The increasingly blurry line between consumer and business technology can be a boon for smaller companies, provided you watch out for the downside.

Kevin Casey, Contributor

March 14, 2011

3 Min Read

If cash is your king, consider that consumers -- even ga-ga-for-gadget early adopters -- don't pay enterprise prices. They might sometimes pay luxury prices -- Apple's stock value is proof -- but consumers are ultimately individuals with, for the most part, limited purchasing power. SMBs can sympathize: Budget consciousness is standard operating procedure. In a sense, the typical small business and its consumer counterpart are kindred spirits: The smart ones look for value. With the Web enabling greater pricing transparency, it shouldn't come as too big a surprise that more SMBs are buying their PCs at retail. A recent study by research firm Techaisle found that 43% of PCs purchased by SMBs in 2010 were bought at retail or online outlets, marking an 18% decline in the dealer/reseller market.

For bona fide IT needs such as business-duty storage, which has some very expensive options at the upper end of the enterprise market, downward price pressure from consumer-oriented vendors is a good thing for smaller organizations -- provided the product delivers the goods.

Indeed, it is still buyer beware: There are risks in consumerization, especially for SMBs. The first con is, well, cons. Look out for low-end consumer tech masquerading as a "small business solution." Just because it's cheap, doesn't mean it's SMB-worthy -- if it crumbles under business requirements, it's just crummy. I've heard more than one marketer refer to the early days of VoIP in this context. It's a message that bears repeating for vendors that target smaller business customers. "If you try to do one-size-fits-all for consumer and small business, you're probably not going to hit the mark in either place," said McCabe of the SMB Group.

Second, and this one's just a new build on the age-old Minesweeper problem: Don't let the blurring line between consumer and business likewise shift the difference between toy and tool. There might be real productivity advantages in a tablet, for example, but those are wiped out if the user spends half their day on games or other downtime apps.

A third risk is security, and it's poised to explode. As SMBs become increasingly mobile, they're likewise upping the likelihood of IT consumerization -- and the potential pitfalls that come with it. Most newer tablets and smartphones don't seem to adhere to any boundary between business and consumer. Apple is again a prime example. There's no iPad for business; there's just iPad. In fact, an exec at security firm M86 recently told me his company chalks up the mobile security challenge -- pretty much all of it -- to the iPad. There's not yet an easy answer yet; the prudent SMB should at least take heed that every new device on its network creates a potential threat vector.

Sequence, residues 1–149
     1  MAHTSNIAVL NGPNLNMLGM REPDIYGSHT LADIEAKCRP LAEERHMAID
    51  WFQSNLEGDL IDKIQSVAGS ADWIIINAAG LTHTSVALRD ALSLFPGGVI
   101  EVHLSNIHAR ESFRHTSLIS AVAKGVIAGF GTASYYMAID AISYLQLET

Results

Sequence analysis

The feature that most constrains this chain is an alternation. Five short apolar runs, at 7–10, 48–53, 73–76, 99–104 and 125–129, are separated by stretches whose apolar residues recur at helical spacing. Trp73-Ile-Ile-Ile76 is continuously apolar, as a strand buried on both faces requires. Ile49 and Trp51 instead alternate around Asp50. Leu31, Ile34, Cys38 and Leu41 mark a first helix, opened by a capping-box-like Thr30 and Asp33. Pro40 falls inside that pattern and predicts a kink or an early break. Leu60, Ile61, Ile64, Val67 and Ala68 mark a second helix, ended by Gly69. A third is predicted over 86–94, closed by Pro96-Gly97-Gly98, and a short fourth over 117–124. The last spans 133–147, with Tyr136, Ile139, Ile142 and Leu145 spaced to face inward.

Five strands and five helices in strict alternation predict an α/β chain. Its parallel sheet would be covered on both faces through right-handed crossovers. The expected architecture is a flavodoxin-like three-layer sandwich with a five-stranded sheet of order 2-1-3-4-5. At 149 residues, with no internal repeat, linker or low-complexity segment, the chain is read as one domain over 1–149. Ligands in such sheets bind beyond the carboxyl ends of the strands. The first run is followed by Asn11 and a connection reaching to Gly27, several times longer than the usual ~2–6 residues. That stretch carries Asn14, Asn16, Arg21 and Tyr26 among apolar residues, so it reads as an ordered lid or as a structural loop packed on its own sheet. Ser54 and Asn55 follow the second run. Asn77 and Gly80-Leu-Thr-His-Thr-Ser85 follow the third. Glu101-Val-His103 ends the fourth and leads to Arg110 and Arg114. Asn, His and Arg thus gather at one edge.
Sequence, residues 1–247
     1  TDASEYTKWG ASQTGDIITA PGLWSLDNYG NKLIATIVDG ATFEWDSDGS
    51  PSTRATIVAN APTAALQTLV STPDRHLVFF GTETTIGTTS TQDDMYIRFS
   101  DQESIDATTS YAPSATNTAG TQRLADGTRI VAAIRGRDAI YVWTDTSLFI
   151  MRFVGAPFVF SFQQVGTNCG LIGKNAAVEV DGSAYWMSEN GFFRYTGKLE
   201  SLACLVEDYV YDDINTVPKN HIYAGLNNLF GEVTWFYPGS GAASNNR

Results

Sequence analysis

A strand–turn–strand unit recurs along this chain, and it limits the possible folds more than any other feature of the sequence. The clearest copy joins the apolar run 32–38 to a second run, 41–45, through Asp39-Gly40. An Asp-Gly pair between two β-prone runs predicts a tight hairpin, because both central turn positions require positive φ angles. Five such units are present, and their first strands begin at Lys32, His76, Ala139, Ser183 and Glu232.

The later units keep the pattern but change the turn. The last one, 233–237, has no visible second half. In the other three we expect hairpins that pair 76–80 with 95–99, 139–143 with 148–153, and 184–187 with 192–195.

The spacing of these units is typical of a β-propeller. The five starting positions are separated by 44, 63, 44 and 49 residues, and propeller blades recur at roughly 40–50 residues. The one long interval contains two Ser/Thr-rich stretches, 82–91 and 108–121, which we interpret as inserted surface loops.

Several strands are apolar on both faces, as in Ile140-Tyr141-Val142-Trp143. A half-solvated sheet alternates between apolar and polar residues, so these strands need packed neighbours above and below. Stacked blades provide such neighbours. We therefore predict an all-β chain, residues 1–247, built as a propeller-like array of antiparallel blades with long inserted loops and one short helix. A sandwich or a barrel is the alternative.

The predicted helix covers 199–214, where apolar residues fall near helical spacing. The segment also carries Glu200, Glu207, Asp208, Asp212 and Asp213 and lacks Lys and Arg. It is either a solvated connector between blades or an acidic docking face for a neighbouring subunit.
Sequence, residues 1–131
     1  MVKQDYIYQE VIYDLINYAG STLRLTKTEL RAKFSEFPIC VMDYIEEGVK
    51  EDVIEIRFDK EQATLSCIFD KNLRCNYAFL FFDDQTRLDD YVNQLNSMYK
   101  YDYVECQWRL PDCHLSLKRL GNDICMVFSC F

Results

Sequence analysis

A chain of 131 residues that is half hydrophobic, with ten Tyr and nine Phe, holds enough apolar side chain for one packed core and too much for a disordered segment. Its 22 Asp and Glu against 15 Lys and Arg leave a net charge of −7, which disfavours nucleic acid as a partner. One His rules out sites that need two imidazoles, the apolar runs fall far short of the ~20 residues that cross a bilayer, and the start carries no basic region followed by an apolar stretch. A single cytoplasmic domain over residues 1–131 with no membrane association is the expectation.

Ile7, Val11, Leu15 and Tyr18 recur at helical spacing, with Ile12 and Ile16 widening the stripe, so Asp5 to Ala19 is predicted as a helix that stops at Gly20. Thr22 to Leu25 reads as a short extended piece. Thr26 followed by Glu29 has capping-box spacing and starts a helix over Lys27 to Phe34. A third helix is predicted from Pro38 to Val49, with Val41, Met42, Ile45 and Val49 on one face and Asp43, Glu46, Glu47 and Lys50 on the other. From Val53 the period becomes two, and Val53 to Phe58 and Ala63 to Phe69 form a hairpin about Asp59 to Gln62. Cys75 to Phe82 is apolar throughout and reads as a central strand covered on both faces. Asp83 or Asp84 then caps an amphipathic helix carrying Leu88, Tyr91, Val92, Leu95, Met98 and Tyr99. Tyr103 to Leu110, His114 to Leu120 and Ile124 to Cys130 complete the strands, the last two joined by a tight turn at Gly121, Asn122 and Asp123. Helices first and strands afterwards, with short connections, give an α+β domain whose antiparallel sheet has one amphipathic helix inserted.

That's not a reason to avoid consumerization -- just a reminder to embrace it strategically, and with a certain amount of caution. "The bottom line is: [Consumerization] is happening," McCabe said. "These newer devices and solutions are easier -- and more fun, in a lot of cases. The question is more: How do vendors best capitalize on that?"

For savvy SMBs, the answer to that question is a good thing for the bottom line.

See Also

M86 Launches SMB Security Suite

SinglePlatform Helps SMBs Manage Online Presence

Avaya Plugs SMB Apps Into UC Platform

HP Introduces All In One PC For SMBs

70% Of SMBs Plan To Use Social Media

74% Of SMBs To Increase Cloud Software Spend

Cisco Launches Unified Communications Systems For SMBs

Clickatell Intros Text Messaging Service For SMBs

SMBs Stymied By Virtualization Backup

About the Author(s)

Kevin Casey


Kevin Casey is a writer based in North Carolina who writes about technology for small and mid-size businesses.

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